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Category: Story Time

Story Time: Klara

I kind of like the way cold weather sets a scene, you know? It makes the inn setting feel very cozy. In fact, perhaps that will influence our February story time as well.

If you’d like to influence February story time, I direct you to our Patreon, where for a mere twenty bucks a month, you can have my ear.

Let’s go!

*

Tessa wiped her brow and sighed, surveying the clean floor. It may have been a slow night in a strange town—strange as in odd, not unfamiliar—but at least the floor was clean. It wasn’t often she got the chance to properly scrub the place.

The inn had been following a trio of adventurers for a while now. It had been several years since Tessa refurbished and opened the Goblin’s Head, and she occasionally had to remind herself that it was not a normal life she was living, hopping from place to place. She rather liked this particular set of adventurers, a friendly, lively bunch. They seemed as though they’d had a difficult day, though; no sooner had the party arrived than they’d asked for their dinner sent up and gone to bed. Poor dears.

The odder thing, though, was the distinct lack of other customers. Only one or two had come through the whole day, and they had been furtive and wide-eyed, as if ordering a cider and a meal was some sort of illicit act. They hadn’t spoken to each other and they’d barely spoken to her, eating as if they were in a hurry, taking an insultingly short amount of time to savor their cider, and scurrying off.

At least it gave her time to clean the floor properly, which was satisfying even if it wasn’t profitable.

Right. A thorough scrubbing had kept her awake almost as long as a dining room full of guests, so it was time for bed. Tessa flicked the scrub brush dry above the bucket, put it in her apron pocket, and picked up the bucket to go dump it out behind the inn.

Knock knock knock.

Story Time: It’s A Party

For context on this story, be sure to listen to our bonus episode Session Zero! Otherwise it might not make much sense.

Remember, $20/month patrons get to suggest prompts for Story Time! Join up or upgrade today!

*

“So, what exactly is a Session Zero?” Michael asked, easing into his seat as deliberately as he did everything, with practiced precision.

“It’s like a setup session,” Teresa explained, placing her books carefully in front of her, less because she wanted them to be neat and more because she wanted something to do with her hands. Fun. This was going to be fun. “We’ll talk about our characters, and our expectations and hopes for the games.”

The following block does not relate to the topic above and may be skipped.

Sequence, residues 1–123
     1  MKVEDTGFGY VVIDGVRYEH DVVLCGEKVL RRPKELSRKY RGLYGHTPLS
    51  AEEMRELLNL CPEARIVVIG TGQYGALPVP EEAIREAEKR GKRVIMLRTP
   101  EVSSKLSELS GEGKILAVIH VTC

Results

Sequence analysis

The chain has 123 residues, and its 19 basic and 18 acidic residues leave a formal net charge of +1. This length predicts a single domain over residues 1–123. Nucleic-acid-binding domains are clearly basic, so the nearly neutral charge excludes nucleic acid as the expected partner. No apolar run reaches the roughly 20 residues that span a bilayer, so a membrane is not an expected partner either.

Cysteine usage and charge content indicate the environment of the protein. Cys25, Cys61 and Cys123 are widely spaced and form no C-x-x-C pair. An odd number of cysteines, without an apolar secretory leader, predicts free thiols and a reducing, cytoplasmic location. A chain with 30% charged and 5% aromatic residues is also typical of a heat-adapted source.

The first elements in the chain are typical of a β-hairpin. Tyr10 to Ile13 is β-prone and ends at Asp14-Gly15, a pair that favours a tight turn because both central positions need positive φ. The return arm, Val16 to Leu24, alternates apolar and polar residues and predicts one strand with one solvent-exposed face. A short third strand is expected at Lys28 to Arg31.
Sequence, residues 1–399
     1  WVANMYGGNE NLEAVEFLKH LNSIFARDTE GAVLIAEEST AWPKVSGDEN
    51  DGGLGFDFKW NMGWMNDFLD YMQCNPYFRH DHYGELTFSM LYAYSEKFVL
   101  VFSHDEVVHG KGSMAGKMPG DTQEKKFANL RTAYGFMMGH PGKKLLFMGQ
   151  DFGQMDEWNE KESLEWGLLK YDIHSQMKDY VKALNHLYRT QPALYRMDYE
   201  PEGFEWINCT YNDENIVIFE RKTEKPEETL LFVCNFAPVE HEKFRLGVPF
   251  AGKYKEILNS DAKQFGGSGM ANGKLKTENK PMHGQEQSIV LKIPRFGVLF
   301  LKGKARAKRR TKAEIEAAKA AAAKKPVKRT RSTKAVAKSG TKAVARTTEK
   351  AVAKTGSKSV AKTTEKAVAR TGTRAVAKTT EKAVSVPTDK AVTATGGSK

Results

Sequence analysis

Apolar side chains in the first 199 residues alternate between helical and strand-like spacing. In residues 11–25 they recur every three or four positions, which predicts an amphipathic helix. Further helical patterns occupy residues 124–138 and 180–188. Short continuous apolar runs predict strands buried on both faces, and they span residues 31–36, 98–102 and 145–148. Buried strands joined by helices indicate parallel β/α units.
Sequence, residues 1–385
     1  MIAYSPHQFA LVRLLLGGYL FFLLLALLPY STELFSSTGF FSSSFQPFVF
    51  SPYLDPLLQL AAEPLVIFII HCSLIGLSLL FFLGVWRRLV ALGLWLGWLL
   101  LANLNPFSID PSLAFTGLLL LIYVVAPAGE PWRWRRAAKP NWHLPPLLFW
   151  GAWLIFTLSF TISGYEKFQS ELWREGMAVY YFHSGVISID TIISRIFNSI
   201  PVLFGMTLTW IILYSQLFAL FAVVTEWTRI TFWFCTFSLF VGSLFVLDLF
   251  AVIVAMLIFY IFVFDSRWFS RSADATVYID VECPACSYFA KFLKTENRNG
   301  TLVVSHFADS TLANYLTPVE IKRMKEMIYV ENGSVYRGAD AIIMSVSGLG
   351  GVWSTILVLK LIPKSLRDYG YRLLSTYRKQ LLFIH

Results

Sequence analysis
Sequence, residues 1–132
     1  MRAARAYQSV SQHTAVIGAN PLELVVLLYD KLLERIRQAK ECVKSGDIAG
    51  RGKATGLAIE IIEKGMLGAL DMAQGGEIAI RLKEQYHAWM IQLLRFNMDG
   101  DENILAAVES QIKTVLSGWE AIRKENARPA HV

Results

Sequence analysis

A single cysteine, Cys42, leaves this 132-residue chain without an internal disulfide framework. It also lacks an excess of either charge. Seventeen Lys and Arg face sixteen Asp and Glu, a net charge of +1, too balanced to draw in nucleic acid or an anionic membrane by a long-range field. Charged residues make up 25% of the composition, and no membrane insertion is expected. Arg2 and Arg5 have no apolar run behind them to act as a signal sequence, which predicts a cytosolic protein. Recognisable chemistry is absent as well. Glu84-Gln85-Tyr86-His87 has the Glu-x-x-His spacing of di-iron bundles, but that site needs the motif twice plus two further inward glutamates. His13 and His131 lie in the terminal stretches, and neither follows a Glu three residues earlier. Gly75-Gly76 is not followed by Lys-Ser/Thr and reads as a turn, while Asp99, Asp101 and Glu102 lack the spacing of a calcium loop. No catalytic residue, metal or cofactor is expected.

Story Time: Schoolkids

For this month, I am feeling in a very back-to-school mood (even though I am so grateful I’m not in school anymore). Let’s visit a pair of twins who also didn’t have a great time in school…

*

Zara kicked a rock in the road and watched it as it rolled off into the weeds, rather unsatisfyingly. She hated school.

You know, it wasn’t even school that she hated, really. It was the people there. If her teacher had left her alone to read a book, it would have been fine. But no. There had to be—

“Look, it’s the demon!”

—other students.

Story Time: Home

Hello everyone! A shorter story for you all today about baby Tessa. Enjoy!

*

There were a lot of things to be said about the Harvest Festival, Tessa thought. It was one of two parties that the orphans got in a year, for one. There was food in abundance, and it was the good kind of food too, not their usual thin vegetable porridges and bread that was somehow stale even when it was fresh. People got adopted during the Harvest Festival—not many, but a few. They got new clothes during the Harvest Festival. People seemed to give half a damn about them, which was a nice change.

The best part about the Harvest Festival, though, was getting out of Split River.

Story Time: Tell Me A Story

Guess who missed Fina! It’s me. Some mentions of alcohol and drunkenness in this one friends. Please take care of yourselves.

*

“Tell me a story?”

Ioan Butterbuns looked up from mending his shirt to meet his little girl’s eyes. “A story, eh?”

Fina’s eyes were huger than normal. Ioan had once heard some human say there was nothing cuter than a halfling child, and although Ioan was of the opinion that said human had no children and knew few halflings, where his own daughter was concerned, he thought they might be right. She blinked those big old eyes at him winningly. “Pretty please?”

Story Time: Friends Everywhere

Here’s a little story about real friendship, from everyone’s second favorite bard (after Fina of course). Enjoy!

*

Max has friends everywhere.

That was the first thing Killiker learned about Maximillian Allerus. It was a mutual friend who introduced them, a windblown storm cleric named Sunny.

“You’re gonna like this guy,” she’d told Killiker. “They’re seriously the best.”

“How do you know this Max fellow?” Killiker asked.

“Everyone knows Max!” she’d said. “He’s got friends everywhere.”

Story Time: How I Met Your Mother

Wow, I regret that title already.

Anyway, have a little Rashomon for your Thursday! Remember, if you have a story idea to suggest, you should definitely join our Patreon, and for a mere $20 a month you can bend my ear as much as you like.

*

KILLIKER
Ah, you want to know a tale about lost love? I have a sad story I can share, and unlike many of my stories, this one happened to me.

 

DARIA
Yes, I suppose it’s time I told you the rest of the truth. I won’t go into details, mind.

 

KILLIKER
You don’t want details? Ah, fine then, we will keep things…family friendly. It all began when I was traveling over hither and yon, seeking stories and fortune.

Story Time: The Mean Streets

March is my birthday month, and so this month I thought it was only fitting to write about the character in the Crew who is most like me personality-wise, Knowles. Content warning for usual policing nonsense, but no violence or corruption.

(Remember, Patreon supporters get first dibs on Story Time every month, and $20 patrons can even suggest prompts!)

*